vw polo r House speaker visits New Balance amidst peaceful protest
House Speaker Paul Ryan on Thursday brought the Republican campaign for tax reform to New Balance’s factory floor, where he told workers that the cornerstones of the GOP tax plan cutting rates and simplifying forms would make the athletic shoes they produce more competitive and their own lives more affordable.
“Imagine filling out your taxes on a form the size of a postcard,” Ryan told about 100 workers in an eight minute address after meeting privately in the South Union Street building with New Balance executives, local business leaders and Mayor Daniel Rivera before then touring the factory floor. “We’re talking about simplifying this thing so much, that it’s so easy, you don’t have to go to a tax preparer. You don’t have to navigate all these rules and deductions and loopholes, not knowing what it’s going to look like ’til you’re done with the process. Make it easy. Make it simple. Keep more of what you earn. Get the special interests out of it. And get people a post card type tax return. That’s what we’re talking about.”
Ryan said the tax plan that Congressional Republicans and President Trump are developing would double the standard deduction now at $6,350 for individuals and $12,700 for married couples filing jointly and preserve a handful of itemized deductions, including for charitable contributions, retirement savings and buying a home.
He was not specific about the tax rates he would favor for individuals and couples. Ryan said corporate tax rates should be cut to what they are in countries such as Canada, where he said businesses pay a 15 percent tax on their incomes, or Ireland (12.5 percent) or England (18 percent). In the United States, the rate is 35 or 45 percent, depending on the size of the business.
Ryan also predicted the tax overhaul would pass where the Republican effort to replace Obamacare failed because he said that although the grand scheme of the plan would be written by Republican leaders on Capital Hill and President Trump, the detailed version would be written in bi partisan committees in the House and Senate. The bill that would have replaced Obamacare was written entirely in Republican caucuses that excluded Democrats.
Ryan’s visit was tightly scripted and lasted about two hours, much of it in the closed door meeting with local business leaders, including New Balance’s owner Jim Davis, and its president and CEO, Rob DeMartini. The workers gave Ryan a polite reception and applauded a few of his promises; Davis and DeMartini were more enthusiastic in separate remarks.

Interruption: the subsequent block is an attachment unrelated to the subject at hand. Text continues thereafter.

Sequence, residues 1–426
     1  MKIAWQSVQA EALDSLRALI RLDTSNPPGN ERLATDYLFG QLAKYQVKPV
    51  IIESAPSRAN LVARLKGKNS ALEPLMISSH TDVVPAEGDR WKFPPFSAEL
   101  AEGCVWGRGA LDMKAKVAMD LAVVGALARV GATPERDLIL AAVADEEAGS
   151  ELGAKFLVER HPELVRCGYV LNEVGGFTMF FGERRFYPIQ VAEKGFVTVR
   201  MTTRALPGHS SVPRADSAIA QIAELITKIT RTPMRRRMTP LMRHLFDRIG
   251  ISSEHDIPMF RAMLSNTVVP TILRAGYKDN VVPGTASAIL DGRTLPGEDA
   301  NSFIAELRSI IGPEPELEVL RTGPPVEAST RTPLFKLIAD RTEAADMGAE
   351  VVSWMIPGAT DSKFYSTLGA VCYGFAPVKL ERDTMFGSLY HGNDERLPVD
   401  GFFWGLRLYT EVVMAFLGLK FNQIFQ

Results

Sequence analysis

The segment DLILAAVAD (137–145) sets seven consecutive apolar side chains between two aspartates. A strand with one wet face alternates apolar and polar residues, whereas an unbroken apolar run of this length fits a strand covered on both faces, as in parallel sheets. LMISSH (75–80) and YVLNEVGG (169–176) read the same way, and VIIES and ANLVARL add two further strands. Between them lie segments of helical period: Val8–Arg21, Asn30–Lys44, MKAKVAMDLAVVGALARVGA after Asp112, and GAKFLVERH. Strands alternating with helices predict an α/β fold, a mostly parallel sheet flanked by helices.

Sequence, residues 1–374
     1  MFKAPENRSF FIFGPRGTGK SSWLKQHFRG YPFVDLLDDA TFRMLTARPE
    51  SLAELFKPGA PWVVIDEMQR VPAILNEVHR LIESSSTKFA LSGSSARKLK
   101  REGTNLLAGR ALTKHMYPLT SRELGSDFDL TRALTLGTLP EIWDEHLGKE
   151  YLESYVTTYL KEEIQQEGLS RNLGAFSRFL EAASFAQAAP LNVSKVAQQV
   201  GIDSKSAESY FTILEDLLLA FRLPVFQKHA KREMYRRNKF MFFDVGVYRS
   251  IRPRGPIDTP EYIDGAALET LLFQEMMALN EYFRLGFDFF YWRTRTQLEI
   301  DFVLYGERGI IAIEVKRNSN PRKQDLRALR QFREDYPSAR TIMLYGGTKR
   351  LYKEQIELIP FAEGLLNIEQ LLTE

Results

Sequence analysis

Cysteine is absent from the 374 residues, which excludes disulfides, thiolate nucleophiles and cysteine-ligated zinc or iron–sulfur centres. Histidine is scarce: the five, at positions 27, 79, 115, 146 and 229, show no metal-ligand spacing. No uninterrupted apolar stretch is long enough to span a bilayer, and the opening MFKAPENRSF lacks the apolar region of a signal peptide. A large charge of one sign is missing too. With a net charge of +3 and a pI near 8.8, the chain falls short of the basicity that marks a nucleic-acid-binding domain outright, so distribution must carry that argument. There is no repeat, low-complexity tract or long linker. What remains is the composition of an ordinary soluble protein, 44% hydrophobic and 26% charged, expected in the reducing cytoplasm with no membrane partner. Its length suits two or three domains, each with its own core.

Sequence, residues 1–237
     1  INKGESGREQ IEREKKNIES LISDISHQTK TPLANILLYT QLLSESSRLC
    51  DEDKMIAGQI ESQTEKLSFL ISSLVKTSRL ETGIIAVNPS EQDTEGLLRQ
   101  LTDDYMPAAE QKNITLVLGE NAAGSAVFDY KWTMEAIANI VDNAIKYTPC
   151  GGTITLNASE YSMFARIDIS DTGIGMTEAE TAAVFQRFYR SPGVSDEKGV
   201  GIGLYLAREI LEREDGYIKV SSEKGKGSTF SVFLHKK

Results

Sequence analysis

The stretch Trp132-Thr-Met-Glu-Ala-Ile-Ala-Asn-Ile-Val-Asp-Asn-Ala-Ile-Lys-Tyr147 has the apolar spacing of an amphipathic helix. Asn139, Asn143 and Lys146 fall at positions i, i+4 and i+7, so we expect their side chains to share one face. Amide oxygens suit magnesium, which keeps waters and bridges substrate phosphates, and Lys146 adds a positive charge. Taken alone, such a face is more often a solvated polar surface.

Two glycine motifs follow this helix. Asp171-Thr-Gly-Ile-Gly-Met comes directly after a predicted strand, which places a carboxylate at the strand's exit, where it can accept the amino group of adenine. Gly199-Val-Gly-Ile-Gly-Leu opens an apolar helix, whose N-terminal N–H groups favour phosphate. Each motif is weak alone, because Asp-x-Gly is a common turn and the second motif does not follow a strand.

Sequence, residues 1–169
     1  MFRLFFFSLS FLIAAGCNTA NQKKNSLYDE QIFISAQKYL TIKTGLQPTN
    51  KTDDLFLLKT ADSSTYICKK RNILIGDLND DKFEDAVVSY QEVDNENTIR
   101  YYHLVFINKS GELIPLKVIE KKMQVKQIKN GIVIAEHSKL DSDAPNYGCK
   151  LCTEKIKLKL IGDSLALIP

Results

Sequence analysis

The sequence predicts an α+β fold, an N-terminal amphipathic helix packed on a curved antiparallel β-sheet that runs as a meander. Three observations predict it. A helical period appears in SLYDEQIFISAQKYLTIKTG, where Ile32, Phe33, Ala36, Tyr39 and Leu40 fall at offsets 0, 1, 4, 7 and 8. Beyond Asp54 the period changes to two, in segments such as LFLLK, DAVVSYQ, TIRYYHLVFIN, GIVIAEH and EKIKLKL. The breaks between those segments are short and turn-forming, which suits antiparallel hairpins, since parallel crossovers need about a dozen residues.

“Let’s hope the new legislation is the beginning of a new era, ending a 10 year downturn and limiting our country from reaching its full potential,” Davis said as he introduced Ryan to the New Balance workers. He also called for an end to gridlock and restoring the “bipartisanship, civility and mutual trust” that characterized the relationship between former President Ronald Reagan, a Republican, and former House Speaker Tip O’Neill, a Democrat from Boston, in the 1980s.
DeMartini said Ryan contacted New Balance asking to stage the event there during what President Trump declared as “Made in America Week” because the company throughout its 110 year history has made much of its products in the United States.
Lawrence otherwise was an improbable choice to pitch the Republican tax plan, in part because the city is so heavily Democratic and because nearly 40 percent of its residents are first generation immigrants. The city recently sued President Trump in an effort to block an executive order he signed that would cut federal funding for local law enforcement programs in municipalities that are limiting cooperation with immigration agents seeking undocumented immigrants. The order has stalled in the courts.
Ryan said Rivera did not raise the issue, during the private roundtable discussion, with business leaders. But he noted that Rivera left the session before it ended to go to a major residential fire in the city.
Before Ryan arrived, Rivera joined a demonstration protesting Ryan’s visit across Merrimack Street from the New Balance building. Rivera said at the demonstration that he would press Ryan on immigration issues.
“I’m a kid from the projects,” Rivera said. “I know how to speak truth to power.”
The lively demonstration drew about 200 people and was peaceful. Demonstrators shouted chants and held signs countering nearly every position Ryan and President Trump have taken on issues, including immigrant rights, health care, public education and tax reform.
“I’m an immigrant; I’m off the boat,” said Kevin McCarthy, 44, an economic development consultant from Haverhill. McCarthy said he immigrated from Ireland in 1994 seeking economic opportunity at a time when Ireland was in a deep recession.
“I want Paul Ryan to know he can’t come here for a photo opp and pretend everything’s fine while he is systematically destroying the social fabric of the country,” McCarthy said.
He held a sign that said, “Ryan is an immigrant name.”
Ryan’s staff declined to say whether Ryan had other stops scheduled in the region. But published reports said he left Lawrence for a fundraiser on Nantucket.
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